David Tanabe, defenseman for the University of Wisconsin Badgers, and their third leading scorer during the 1998-1999 season, has elected to turn pro with the Carolina Hurricanes. The Hurricanes chose Tanabe in the first round of the 1999 NHL Entry Draft. He was the sixteenth overall pick. The 6’1′ 195 pound nineteen year old, was a true freshman this past season for the Badgers, thus foregoing three years of eligibility. This is the first time the school has lost a true freshman to the pros. Curtis Joseph also left the University of Wisconsin program after only one year.
Tanabe was named to the 1999 WCHA All-rookie team. An excellent skater and passer, he has a hard, accurate shot. The CSB had ranked him twenty-seventh this year. Tanabe will fill the need of an offensive defenseman in the Canes system. It is expected that he will see time with the Florida Everblades of the ECHL and the Cincinnati Cyclones of the IHL this season.
(Note: Since this article was written, David Tanabe has announced that he will forgo his final three years of NCAA eligibility, and may be joining Kootenay of the WHL next season)
Eight of the Carolina Hurricanes prospects have chosen to remain in college. Four centers, three left wingers, and one defenseman are hitting the books and the ice this year. Here is an overview of future Canes who are going to school.
1. Erik Cole. A third round pick in 1998, this sophomore left winger was Clarkson’s leading scorer. A dominating player, whose physical play makes him excellent along the boards. Erik led the nation in 98-99 with six shorthanded goals. At 6’0″ and 185 pounds, he scored 21 goals and 18 assists during the regular season. His junior year holds a legitimate shot at the Hobey Baker Award.
2. David Tanabe. Carolina’s first round pick in 1999, this Wisconsin freshman was named to the WCHA All-rookie Team. He was the Badgers third leading scorer with 10 goals and 12 assists. An excellent skater and passer, the 6’1″, 195 pound Tanabe could have a bright future filling in Carolina’s need for offensive defensemen.
3. Ryan Murphy. A fourth round pick by the Hurricanes in the 1999 draft netted them Bowling Green’s third leading scorer. Murphy had 9 goals and 22 assists for the Falcons. Five of his goals came on the powerplay. This left wing is 6’1″ and 185 pounds, and could develop into a real scoring threat for the Canes.
The top three picks by the Carolina Hurricanes in last months NHL Entry draft were surprised, and not always for the best. David Tanabe, Brett Lysak, and Brad Fast were taken in the first, second, and third rounds, respectively.
Carolina made Tanabe their first pick, 16th overall. The pressing need for an offensive defenseman surpassed the available players ranked higher. The Hurricanes had the worst powerplay in the NHL during the 1998-1999 season. The 11 defensemen who skated for the Canes last season combined for 15 goals in 82 regular season games. Of those 15 goals, only three came on the power play. Tanabe, on the other hand, scored ten goals in 35 games. Three of his goals won games and one came on the powerplay. This came in his freshman year at the University of Wisconsin, where he was the third highest scorer. He has stated that his development is up to the Hurricanes organization and the Minneapolis native will either return to college or sign a contract and go into the Canes system. The combination of his great skating, hard shot, and superior passing caused Carolina to pick him as the third defenseman taken in the draft, when in fact, he was ranked eighth in that category.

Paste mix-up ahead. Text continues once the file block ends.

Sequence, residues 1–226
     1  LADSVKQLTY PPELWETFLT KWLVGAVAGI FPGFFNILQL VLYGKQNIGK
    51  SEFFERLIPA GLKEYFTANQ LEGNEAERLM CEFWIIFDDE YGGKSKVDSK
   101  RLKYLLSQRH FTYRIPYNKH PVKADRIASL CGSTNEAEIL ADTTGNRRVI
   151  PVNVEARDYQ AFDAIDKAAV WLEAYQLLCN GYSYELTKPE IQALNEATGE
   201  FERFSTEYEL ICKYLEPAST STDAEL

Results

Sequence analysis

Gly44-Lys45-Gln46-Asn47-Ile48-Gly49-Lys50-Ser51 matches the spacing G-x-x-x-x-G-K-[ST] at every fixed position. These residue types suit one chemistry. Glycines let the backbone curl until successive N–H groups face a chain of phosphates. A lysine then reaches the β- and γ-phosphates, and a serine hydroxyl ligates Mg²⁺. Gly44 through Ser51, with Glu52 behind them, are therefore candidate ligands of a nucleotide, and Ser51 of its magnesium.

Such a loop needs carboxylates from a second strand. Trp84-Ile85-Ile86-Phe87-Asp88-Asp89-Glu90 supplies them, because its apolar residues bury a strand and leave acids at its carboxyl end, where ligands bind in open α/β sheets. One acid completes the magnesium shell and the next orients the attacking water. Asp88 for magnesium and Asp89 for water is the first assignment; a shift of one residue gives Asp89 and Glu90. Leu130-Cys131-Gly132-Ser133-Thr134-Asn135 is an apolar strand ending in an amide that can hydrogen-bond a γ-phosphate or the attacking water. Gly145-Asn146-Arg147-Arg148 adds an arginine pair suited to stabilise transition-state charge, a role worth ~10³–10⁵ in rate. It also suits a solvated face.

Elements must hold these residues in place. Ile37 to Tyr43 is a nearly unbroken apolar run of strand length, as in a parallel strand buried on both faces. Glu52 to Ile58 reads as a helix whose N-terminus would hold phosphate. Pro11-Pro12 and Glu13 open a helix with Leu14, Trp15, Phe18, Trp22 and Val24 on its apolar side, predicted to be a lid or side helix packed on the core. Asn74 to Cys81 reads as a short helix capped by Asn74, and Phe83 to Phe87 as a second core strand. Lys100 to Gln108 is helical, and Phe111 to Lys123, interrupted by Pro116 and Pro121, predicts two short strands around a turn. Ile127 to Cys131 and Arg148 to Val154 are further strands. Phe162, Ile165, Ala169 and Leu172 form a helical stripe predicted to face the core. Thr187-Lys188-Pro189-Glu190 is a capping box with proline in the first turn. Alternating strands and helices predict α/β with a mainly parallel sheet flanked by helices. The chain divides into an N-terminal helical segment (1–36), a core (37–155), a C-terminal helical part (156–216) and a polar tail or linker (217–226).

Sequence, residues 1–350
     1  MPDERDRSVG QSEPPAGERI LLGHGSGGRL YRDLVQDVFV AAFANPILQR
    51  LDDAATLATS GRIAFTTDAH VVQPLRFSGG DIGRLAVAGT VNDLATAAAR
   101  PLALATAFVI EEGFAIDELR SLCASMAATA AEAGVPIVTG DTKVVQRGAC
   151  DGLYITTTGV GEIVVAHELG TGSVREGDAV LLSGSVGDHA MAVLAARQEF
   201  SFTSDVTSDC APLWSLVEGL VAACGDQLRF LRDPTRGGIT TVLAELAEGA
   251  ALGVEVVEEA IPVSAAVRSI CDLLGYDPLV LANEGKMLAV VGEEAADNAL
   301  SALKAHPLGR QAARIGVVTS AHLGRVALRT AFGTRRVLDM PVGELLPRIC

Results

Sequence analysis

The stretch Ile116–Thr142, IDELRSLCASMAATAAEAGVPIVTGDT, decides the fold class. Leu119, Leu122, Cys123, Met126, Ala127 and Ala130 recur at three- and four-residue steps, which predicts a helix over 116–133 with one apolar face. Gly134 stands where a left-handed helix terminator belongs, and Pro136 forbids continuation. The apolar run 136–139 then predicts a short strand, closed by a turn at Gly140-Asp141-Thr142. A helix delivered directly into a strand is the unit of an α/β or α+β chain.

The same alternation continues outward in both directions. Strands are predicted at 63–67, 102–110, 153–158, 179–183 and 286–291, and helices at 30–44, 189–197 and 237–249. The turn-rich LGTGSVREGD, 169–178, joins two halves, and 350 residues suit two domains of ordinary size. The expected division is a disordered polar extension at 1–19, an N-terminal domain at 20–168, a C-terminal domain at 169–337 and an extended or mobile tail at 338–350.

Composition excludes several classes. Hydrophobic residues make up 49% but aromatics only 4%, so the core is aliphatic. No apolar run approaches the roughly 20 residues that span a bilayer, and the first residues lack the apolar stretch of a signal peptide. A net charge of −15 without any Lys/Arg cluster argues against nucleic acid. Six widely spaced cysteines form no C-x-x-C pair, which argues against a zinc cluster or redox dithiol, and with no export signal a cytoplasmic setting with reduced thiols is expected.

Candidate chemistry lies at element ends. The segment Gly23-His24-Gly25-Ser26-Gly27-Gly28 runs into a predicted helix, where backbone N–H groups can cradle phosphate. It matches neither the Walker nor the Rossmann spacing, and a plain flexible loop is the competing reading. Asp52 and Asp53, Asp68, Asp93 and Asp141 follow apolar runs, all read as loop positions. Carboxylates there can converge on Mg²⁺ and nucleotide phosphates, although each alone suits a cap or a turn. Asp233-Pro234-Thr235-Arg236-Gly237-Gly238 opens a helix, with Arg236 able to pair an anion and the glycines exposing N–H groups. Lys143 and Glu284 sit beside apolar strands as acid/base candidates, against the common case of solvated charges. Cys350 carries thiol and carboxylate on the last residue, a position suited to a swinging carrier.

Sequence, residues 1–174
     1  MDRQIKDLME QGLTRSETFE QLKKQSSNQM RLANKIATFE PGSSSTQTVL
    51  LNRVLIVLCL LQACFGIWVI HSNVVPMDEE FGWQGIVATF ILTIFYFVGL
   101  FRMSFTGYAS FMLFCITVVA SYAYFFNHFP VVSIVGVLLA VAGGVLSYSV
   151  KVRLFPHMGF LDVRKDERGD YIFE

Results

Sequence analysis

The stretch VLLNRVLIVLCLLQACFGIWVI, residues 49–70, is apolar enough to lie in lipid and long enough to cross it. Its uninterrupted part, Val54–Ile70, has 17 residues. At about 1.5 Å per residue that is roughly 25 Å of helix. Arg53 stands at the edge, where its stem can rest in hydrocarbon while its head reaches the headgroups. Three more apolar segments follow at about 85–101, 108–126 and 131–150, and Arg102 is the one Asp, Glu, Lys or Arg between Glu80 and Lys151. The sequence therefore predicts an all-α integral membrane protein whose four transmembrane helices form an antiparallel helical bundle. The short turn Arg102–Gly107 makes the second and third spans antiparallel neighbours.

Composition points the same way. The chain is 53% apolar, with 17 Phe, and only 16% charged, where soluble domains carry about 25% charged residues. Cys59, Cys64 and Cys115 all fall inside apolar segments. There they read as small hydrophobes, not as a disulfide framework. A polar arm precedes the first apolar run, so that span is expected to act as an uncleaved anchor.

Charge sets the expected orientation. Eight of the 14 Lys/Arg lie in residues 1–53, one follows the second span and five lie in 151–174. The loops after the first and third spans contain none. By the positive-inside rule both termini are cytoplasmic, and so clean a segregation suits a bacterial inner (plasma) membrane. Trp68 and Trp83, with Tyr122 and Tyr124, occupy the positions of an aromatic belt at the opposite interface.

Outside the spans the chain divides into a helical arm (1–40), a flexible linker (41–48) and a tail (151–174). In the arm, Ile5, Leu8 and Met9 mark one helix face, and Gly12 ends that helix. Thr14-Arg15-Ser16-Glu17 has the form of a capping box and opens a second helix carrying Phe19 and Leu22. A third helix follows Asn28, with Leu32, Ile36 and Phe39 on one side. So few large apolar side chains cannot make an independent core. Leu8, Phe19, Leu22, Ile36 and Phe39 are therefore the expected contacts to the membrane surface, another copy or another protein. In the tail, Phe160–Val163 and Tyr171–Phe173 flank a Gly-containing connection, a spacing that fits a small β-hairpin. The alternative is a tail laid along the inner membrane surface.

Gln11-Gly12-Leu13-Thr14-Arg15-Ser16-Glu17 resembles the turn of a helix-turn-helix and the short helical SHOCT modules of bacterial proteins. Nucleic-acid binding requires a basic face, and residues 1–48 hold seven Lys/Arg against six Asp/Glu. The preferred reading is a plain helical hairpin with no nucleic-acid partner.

Eye of the Hurricane a Hurricane’s Draft Review
As the Hurricanes look to relocate for the third time in what seems as many years, they bring along two future players that could end up making a mark for themselves in Greensboro. The Canes have been seeking a good powerplay quaterback and offensive defencmen for quite sometime now. They got a good one in David Tanabe.
Tannabe played for Wisconsin this past season, and made a name for himself by sticking with the US World Junior team. Although his numbers weren’t that great, they must have been overlooked due to his age and speed. Tannabe could perhaps be the fastest defencmen in the draft. He’s alot like Bret Hedican but with more offensive potential. He makes great passes and posses a very good shot. He’s a bit below the average size for a defencmen at 6 foot 1, but he’s still growing. Canes fans will have to wait for him. He’s in the College program and it doesn’t look like he’ll opt out to get a chance to play in the NHL. That’s not a bad thing though. Most likely the Canes will wait for him, he’s got such a good package of speed and skill that the wait won’t be long. After the Canes experiment with Paul Coffey faltered it appears as though they have found an offensive defencmen that they have craved.
The Hurricanes’ top prospect this season goes by the name of Jeff Heerema. Heerema is a right winger who plays for the Sarnia Sting of the Ontario League. Heerema was drafted by the Hurricanes 11th overall in the 1998 NHL entry draft. He’s an outstanding skater who has a great shot an ability to put the puck in the net. His only real problem is strength, although that will come in time. The thing that the Hurricans like most about him is that he’s committed. He’ll pay the price to put the puck in the net. “He’s a guy who could develop into the best pure goal-scorer in our system,” said assistant GM Jason Karmanos. But Heerema is still a couple of seasons away from making a splash in Carolina, but the Hurricanes think he can become a big contributor when he arrives.